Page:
Looks like the Scrappy Doo era chapters will write themselves

File 770 recently linked to the court documents in the long running legal dispute between Jon Del Arroz and Worldcon 76 http://file770.com/worldcon-76-filings-for-summary-judgment-in-del-arroz-defamation-suit-now-online which neatly has the history of JDA’s relationship with Worldcon and the SFWA written up in one place.

Meanwhile, you will all be shocked to learn that Brian “Dragon Award” Niemeier’s 2016 “shadowban” by Twitter was…a piece of marketing.

“One answer our guys have come up with is eDrama marketing. The basic idea is to pick out a representative of the establishment and find a way to sell yourself as the plucky little guy crusading against the man. People – especially Americans – love an underdog, so playing the put-upon victim of megacorp ticket-takers is an effective way to drum up sympathy. No doubt about it, eDrama can make for rapid gains. I’ve used that approach myself. If the popularity of professional wrestling has taught us anything, it’s that kayfabe works. People love to root for the face against the heel. The ringleaders of certain dissident art scenes have ridden outrage marketing to modest e-celebrity and small fortunes.”

https://www.brianniemeier.com/2021/03/the-edrama-egg-timer.html

Niemeier’s Twitter technical problems garnered him a write up in alt-right news/propaganda source Brietbart https://www.breitbart.com/tech/2016/08/02/reports-hugo-nominated-author-shadowbanned-twitter/

Anyway, as Brian notes:

“Either way, following the eDrama road past the initial breakout phase sets an egg timer on your career. The countdown to irrelevance has begun.”

Starting February: Debarkle

I’ve been mulling over for some time (years tbh) writing a history of the Sad Puppy/Rabid Puppy attempt to hijack the Hugo Awards. A few things have put me off doing so. Two of the obstacles is any account needs at least some treatment of RaceFail and of the Requires Hate story and they are rabbit holes of controversy (but there are ways through that I think). However, one issue is an end point. In terms of Larry Correia’s frustration at not getting an award, the 2016 Dragon Award ceremony, which also saw Vox Day’s Castalia House getting its participation trophies, is an obvious place to stop. You can finish a story there and say “and the puppies went away and had their own awards”. It is unsatisfying and misleading though.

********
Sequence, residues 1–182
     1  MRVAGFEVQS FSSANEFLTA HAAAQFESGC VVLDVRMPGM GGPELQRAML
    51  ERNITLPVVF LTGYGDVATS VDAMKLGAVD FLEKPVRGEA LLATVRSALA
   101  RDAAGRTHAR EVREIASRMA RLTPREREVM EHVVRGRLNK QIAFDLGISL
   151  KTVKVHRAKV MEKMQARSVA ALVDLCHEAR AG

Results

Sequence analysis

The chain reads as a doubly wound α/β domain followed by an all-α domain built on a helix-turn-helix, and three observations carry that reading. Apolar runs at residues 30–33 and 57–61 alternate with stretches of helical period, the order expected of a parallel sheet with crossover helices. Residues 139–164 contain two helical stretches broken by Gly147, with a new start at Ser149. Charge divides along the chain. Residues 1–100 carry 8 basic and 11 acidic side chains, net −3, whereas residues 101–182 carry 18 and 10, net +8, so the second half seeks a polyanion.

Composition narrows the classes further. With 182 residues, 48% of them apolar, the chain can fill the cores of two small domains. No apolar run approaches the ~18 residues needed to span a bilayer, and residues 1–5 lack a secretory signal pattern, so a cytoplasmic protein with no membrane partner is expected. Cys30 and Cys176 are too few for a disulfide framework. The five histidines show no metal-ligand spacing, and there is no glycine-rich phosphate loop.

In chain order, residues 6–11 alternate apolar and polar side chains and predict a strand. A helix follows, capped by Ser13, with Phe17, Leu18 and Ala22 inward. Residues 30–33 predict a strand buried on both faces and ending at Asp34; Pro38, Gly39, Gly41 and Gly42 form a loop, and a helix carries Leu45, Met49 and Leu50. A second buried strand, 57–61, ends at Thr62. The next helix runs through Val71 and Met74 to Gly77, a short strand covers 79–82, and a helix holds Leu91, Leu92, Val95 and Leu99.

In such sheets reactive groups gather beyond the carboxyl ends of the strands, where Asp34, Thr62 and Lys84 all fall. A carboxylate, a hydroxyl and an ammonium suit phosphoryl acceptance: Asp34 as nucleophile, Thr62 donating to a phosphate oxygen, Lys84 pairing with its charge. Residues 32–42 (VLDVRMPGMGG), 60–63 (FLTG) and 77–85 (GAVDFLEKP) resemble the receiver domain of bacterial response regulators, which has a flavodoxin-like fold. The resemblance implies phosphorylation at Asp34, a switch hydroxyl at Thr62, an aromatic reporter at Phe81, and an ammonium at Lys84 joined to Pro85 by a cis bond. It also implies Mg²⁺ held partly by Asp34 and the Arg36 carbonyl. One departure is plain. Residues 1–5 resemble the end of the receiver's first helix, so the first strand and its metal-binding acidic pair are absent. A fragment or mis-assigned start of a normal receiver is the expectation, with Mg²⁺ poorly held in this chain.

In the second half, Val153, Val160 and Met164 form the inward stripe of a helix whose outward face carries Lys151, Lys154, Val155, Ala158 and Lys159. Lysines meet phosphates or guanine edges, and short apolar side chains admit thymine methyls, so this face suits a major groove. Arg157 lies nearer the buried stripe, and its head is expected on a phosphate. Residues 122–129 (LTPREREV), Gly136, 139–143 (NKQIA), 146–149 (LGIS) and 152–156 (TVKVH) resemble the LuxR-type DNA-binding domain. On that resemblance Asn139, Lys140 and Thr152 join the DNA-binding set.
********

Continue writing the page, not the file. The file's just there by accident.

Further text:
The appeal with finishing the story there is the main action of the Puppy Debarkle ends there with things petering out with the collapse of Sad Puppies 5 and the process reforms blunting the impact of Rabid Puppies 3 the following year. However, the point of writing about the Debarkle is the wider context. Fandom has had its fair share of squabbles, kerfuffles and scandals but what makes the Debarkle interesting in particular is the connection with wider events. The Sad Puppies presented their unexpected fannish-insurrection as primarily a question of aesthetics, as Larry Correia stated in his first attempt to hijack the Hugo Awards, this was an attempt to frustrate the “literati”. Contrariwise, the opposition to the Puppies contended that they were a politically reactionary movement.